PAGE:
Title:

Kind
Code:

A1

Abstract:

Normalized Detector Scaling is the transformation of output data from pattern recognition systems that allows decision rules or operating criteria for the pattern recognition system to be established simply, and independently of the particulars of the pattern recognition system. This is achieved by combining information from the probability distributions that describe the pattern recognitions systems output statistics for the classes of interest. The probability distributions are transformed into an intuitive one-dimensional scale providing both flexibility and convenience in the operation or administration of a pattern recognition system.

Inventors:

Velius, George Alfred (Wildwood, MO, US)

Application Number:

09/886824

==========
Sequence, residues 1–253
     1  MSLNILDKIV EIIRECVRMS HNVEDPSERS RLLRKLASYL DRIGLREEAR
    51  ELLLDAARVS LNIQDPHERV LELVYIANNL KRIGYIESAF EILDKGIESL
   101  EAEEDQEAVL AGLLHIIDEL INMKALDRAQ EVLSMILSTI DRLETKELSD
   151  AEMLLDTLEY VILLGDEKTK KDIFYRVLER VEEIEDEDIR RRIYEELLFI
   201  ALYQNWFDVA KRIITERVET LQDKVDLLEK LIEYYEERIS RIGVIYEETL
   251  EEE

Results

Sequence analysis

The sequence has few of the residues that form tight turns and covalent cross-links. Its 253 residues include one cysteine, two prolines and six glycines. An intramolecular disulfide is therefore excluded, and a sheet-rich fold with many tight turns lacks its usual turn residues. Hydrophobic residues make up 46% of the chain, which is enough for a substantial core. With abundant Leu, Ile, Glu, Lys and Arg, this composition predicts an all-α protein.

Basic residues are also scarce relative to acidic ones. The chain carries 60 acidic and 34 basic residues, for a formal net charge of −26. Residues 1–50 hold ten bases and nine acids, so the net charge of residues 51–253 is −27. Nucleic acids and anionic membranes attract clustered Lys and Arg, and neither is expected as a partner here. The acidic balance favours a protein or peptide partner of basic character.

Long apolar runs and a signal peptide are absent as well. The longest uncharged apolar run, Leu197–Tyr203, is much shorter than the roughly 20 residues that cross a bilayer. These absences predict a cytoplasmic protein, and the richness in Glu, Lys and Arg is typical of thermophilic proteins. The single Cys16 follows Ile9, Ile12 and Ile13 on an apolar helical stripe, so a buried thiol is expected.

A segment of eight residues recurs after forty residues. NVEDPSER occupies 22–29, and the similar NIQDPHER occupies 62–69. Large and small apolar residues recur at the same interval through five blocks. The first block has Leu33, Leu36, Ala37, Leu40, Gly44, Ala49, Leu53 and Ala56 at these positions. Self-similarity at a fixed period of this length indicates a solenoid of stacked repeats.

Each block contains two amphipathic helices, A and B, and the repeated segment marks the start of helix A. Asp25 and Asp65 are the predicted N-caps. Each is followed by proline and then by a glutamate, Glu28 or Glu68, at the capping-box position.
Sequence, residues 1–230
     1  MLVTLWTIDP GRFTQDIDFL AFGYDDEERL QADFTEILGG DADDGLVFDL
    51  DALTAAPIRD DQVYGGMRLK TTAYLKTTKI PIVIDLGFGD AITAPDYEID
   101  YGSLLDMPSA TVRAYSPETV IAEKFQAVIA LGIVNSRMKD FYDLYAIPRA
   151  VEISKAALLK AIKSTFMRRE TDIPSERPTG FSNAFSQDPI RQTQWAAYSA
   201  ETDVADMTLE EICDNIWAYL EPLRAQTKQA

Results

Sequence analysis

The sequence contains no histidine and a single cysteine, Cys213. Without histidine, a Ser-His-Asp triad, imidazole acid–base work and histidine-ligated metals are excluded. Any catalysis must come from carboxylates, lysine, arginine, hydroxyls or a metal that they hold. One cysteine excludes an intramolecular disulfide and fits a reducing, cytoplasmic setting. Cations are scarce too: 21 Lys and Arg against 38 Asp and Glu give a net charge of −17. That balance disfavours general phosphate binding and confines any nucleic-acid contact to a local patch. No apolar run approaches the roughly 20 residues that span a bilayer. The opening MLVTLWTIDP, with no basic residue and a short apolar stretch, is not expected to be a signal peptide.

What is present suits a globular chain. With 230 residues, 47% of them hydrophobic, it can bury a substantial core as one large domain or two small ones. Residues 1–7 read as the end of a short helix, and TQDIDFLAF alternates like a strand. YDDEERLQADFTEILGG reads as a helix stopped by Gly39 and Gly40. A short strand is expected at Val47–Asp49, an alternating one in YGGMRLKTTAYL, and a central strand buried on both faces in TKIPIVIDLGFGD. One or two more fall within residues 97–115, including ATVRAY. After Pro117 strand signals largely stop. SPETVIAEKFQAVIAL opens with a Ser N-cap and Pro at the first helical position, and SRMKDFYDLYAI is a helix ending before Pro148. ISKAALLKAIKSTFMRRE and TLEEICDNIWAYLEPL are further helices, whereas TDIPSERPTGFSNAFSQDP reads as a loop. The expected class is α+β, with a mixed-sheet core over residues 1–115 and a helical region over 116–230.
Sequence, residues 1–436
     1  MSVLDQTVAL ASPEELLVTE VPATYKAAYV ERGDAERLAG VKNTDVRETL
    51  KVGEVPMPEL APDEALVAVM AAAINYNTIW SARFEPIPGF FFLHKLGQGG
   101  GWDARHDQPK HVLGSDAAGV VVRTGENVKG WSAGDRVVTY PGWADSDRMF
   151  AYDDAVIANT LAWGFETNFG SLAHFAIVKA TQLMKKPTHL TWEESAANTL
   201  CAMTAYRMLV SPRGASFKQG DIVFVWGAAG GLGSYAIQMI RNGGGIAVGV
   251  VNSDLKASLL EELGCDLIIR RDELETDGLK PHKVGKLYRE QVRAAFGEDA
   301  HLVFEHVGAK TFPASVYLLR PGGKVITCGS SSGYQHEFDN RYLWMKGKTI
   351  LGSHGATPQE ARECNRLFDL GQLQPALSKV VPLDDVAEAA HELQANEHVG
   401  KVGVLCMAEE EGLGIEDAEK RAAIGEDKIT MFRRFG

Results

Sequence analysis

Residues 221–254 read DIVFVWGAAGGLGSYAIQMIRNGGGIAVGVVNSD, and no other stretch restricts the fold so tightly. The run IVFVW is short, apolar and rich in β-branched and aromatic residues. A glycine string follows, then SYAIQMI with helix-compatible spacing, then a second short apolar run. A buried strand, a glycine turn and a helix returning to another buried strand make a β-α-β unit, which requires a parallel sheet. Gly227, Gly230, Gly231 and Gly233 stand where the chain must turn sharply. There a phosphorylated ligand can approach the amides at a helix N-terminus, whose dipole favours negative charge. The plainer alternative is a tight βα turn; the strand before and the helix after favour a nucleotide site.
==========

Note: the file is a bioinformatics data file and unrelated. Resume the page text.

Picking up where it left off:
Publication Date:

12/26/2002

Filing Date:

06/21/2001

Export Citation:

Assignee:

TradeHarbor, INC. (St. Louis, MO, US)

Primary Class:

International Classes:

View Patent Images:

Related US Applications:

Primary Examiner:

BROWN JR, NATHAN H

Attorney, Agent or Firm:

Thompson Coburn LLP (St. Louis, MO, US)

Claims:

1. A method of reducing to one dimension the inherently multi-dimensional space of the error probabilities of a pattern classification system, comprising: an analysis of the class-specific probability distributions; and a mapping of the multi-dimensional space (a vector) to one dimension (a scalar).

2. A method according to claim 1, wherein the one dimensional space is modified, for example, to be a scale linear in probability.

3. A method according to claim 1, wherein the one dimensional space is based on likelihood in the original multi-dimensional space of error probabilities.

4. A method according to claim 1, wherein the one dimensional space is based on the ratio of probabilities of an error from the original multi-dimensional space of error probabilities.

Description:

[0001] Not Applicable

[0002] Not Applicable

[0003] Not Applicable